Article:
It feels like the concept has evolved since the first Ziltoid record. What does the character represent now?

Devin Townsend: Something much different. In the beginning it was a personal trip based on life changes in many aspects. Ziltoid became a way for me to personify and exaggerate an aspect of my personality that I was conflicted about. Plus, it was exciting to me, puppets and sci-fi; it was something different. Now, more than the story having evolved I would just say that it's expanded, because I'm crap at writing stories, and that is painfully obvious. I really like writing this type of music; it's random and [uses] musically liberated ways of putting harmonically different elements together and forcing them to work. However, the limitations commercially of that, and the knowledge that it's pretty wanky stuff compels me to put a story on it, because then I feel like I can illustrate a story with the music; it gives it a reason to be.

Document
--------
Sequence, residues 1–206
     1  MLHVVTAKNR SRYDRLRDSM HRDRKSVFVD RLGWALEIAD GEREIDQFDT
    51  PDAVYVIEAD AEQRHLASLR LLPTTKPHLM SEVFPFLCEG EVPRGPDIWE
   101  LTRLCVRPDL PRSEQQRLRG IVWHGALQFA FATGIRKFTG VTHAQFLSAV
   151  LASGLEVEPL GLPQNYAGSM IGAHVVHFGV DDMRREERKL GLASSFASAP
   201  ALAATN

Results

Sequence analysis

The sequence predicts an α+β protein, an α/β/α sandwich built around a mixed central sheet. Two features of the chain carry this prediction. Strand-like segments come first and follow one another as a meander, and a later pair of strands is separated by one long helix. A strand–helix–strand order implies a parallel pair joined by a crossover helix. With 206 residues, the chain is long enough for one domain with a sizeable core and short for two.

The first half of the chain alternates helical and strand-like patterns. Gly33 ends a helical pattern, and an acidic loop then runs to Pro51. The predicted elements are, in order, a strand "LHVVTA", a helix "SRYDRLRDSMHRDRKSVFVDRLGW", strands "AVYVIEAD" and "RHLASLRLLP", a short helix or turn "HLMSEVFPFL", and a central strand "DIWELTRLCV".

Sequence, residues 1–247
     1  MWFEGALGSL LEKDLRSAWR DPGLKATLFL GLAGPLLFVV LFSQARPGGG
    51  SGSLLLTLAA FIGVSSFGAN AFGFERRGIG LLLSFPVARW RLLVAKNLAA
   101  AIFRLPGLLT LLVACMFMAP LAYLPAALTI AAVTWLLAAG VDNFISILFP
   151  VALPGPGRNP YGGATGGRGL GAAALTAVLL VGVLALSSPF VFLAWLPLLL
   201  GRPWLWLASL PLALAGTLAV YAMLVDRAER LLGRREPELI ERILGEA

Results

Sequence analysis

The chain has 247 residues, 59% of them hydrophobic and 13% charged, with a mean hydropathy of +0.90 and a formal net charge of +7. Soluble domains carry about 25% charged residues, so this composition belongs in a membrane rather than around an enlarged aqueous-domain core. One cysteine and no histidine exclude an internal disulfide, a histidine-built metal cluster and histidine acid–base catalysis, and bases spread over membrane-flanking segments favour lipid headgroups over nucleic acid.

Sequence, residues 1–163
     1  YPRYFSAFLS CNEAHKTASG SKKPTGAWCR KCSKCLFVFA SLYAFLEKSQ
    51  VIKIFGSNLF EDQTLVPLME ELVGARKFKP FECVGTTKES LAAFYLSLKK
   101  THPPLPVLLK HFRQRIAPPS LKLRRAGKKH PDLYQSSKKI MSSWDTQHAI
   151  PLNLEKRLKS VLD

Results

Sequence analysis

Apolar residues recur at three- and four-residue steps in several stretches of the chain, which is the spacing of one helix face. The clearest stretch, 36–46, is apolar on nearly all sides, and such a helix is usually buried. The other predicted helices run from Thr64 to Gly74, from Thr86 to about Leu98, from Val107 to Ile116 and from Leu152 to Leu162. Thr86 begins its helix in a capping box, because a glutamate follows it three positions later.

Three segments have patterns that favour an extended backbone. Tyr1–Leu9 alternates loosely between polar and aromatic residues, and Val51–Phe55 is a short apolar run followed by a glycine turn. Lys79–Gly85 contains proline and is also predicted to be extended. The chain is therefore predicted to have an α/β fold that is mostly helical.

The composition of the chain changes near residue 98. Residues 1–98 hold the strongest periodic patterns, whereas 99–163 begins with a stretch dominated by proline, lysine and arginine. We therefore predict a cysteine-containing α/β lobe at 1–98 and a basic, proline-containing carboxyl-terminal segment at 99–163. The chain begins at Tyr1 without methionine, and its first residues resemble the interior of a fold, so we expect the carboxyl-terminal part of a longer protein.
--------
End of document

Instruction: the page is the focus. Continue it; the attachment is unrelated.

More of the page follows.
Is this where Sky Blue comes in? As a commercially viable companion?

DT: [laughs] In light of being honest with you, when I first proposed Ziltoid 2 to the label, they askedm "What's your plan?", and I'm like, "Well, we're going to follow up Epicloud and the five years of touring we've done in support of that style with an incredibly expensive puppet show about farting aliens…"

And they didn't want to go for that?

DT: Well they didn't, to be honest.

I'm somewhat perplexed by that -

DTL Me too, me too.